Going public with my decision to leave academia

Today I officially announced my plans to leave academia after the PhD.

By “officially announced,” I mean “told my thesis committee as a group and not in a wishy-washy I’m thinking of leaving academia way but a definitive I’m never applying for postdocs way.”

“Academia is not a healthy place for me to be,” I told them.  “And I’ve learned that I’d much rather mess about with code than come up with big-picture science questions.”

So I’m kind of freaking out a bit about that now.  Not as much as I was freaking out about it last year, when I was afraid to tell anyone that I was even thinking about exiting academia.  But a little.  Because it feels kind of permanent now, you know?

Still, I’ve made my decision, and academia is not for me.

Last year, I was worried that I might fall back in love with my field of study if I somehow figured out how to overcome the depression and anxiety that had become closely linked with it.  This year, I know I won’t.  Maybe someday, from a distance, I will learn to be excited again about cool related science in the news.  Here, though, in the daily grind of writing and stressing and making plots—no, I won’t love it.  This year I was fortunate enough to produce some really interesting results, and it helped, but it didn’t help enough.

I’ve come to properly realize that although anxiety and depression are parts of me that will follow me everywhere, they are made enormously worse by the environment of academia.  Isolation, lack of help, intense career pressure, an almost total lack of positive feedback: those things all feed the brain monsters and send me into places I cannot control.  I don’t expect that another career path will be all sunshine and roses, but it will be different and it will be outside the cult-like insularity of the ivory tower.

Of course, I still have to finish my PhD, which is freaking me out A LOT on a daily basis.  My thesis committee was divided between those who thought I was making good progress and those who didn’t believe I could do it in a year.  Not exactly the most encouraging of situations.  Still, I think if I can force myself to bang out the text of another paper by the end of the month, I might be able to convince myself that I can do it.  So that’s the current goal.  Expect to hear lots of complaints about writing.

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11 thoughts on “Going public with my decision to leave academia

  1. It’s interesting to read your post (as well as the above comments) as I have also just gone public about my decision to leave academia…in the middle of my program. Reading the process that you go through to get out will be really intriguing. I’m actually thinking of assembling a post about people who have left academia behind. There are several blogs out there that discuss the toxic nature of academia/grad school but none of them go into sufficient (at least from my perspective) detail about life afterwards. I am especially interested in exploring depression, anxiety, and other emotional/mental states because there seems to be an overwhelming number of people on the web who admit to struggling through this silently. Anyways, please check out my most recent posts and I look forward to following the rest of your PhD journey.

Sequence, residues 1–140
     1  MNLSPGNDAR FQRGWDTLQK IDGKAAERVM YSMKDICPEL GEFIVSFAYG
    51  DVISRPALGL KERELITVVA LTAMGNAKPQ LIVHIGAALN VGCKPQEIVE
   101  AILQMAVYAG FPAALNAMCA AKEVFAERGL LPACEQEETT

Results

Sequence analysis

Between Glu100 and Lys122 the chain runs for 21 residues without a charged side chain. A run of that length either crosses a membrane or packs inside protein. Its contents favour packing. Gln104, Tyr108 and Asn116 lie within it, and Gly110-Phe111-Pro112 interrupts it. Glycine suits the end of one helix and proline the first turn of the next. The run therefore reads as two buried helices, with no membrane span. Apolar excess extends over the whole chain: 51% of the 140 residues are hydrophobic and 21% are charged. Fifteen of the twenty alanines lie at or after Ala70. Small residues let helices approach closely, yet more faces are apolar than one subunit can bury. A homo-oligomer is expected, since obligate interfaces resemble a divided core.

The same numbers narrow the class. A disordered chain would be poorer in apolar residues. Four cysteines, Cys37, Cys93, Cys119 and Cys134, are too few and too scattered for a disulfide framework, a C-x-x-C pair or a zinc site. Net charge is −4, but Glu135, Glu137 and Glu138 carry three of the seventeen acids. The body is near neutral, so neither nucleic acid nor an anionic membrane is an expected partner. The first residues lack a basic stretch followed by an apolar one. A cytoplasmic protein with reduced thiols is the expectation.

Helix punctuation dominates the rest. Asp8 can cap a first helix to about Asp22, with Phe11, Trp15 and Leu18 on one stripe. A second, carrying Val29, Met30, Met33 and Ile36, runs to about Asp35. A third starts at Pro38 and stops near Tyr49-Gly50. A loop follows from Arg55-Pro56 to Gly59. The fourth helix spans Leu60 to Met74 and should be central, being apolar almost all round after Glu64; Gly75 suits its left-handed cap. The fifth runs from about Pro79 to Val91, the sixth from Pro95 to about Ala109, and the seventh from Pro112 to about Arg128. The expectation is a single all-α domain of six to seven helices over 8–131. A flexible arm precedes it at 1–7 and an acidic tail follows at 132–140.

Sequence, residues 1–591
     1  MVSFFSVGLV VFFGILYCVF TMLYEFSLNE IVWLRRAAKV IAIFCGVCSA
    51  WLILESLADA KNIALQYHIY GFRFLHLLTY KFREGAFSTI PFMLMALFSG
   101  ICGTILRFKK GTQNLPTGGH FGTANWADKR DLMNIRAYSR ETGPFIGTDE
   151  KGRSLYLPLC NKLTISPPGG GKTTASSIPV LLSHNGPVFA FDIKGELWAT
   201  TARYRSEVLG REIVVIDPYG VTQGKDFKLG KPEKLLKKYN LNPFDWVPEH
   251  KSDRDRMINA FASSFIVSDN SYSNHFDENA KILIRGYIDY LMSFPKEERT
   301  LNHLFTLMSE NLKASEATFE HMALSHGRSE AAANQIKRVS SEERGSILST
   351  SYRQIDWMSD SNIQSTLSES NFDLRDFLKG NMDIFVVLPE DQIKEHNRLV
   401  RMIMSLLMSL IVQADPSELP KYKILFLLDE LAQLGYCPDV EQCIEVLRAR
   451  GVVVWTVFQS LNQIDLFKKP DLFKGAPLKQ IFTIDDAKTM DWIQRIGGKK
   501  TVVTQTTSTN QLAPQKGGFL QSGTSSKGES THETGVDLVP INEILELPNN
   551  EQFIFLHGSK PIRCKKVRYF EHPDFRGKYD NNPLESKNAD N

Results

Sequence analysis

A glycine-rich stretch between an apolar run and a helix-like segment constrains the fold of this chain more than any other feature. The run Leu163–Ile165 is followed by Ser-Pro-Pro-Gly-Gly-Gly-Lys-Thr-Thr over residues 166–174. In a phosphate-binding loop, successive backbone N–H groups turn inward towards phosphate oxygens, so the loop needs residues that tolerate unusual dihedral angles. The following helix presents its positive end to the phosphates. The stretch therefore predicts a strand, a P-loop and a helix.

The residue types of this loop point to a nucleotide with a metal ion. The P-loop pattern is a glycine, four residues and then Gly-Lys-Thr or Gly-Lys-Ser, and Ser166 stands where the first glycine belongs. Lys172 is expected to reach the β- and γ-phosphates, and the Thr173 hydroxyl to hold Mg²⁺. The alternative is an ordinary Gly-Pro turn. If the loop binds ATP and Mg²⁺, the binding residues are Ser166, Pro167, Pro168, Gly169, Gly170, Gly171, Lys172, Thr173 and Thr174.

Good luck,
    Dominique

    Liked by 1 person

    • Thanks for stopping by. It sounds like you and I have a lot in common, and I’m glad you had the strength to make the decision that was best for you! Back when I was first starting to doubt that academia was the right path, I came across several post-ac / alt-ac blogs that dealt with the aftermath of leaving, but I think they’ve mostly petered out over the years.

      Liked by 1 person

      • Yes, we do. What made you stay in academia after you started to realize that it wasn’t going to work out for you? I will say that although this year was incredibly rough (not necessarily the work but the culture that came with it and personal issues), I learned so much about myself and what I want out of life. I would enter a masters program again if my employer is paying for it because it’s for professional purposes but coming from the humanities without tangible work experience would hurt rather than help me. Fortunately, you might not experience those same things coming from STEM. It’s incredibly brave to leave after all the hard work you’ve put in. I think it’s a great lesson to teach your son: know when to cut your losses and move on, especially if your mental health is compromised. It’s a lesson so many of us have to learn the hard way.

        Liked by 1 person

      • Honestly, I think it’s stubborn pride more than anything that has kept me in the program. The feeling that I have to prove I can finish. And being too depressed to figure out what it was I really wanted to do. I also had a really idiotic advisor my first two years, and I felt I needed to give academia a shot with someone more competent (and I didn’t want that first advisor to be the reason I left).

        Liked by 1 person

  2. Pingback: A note on posting frequency | crazy grad mama

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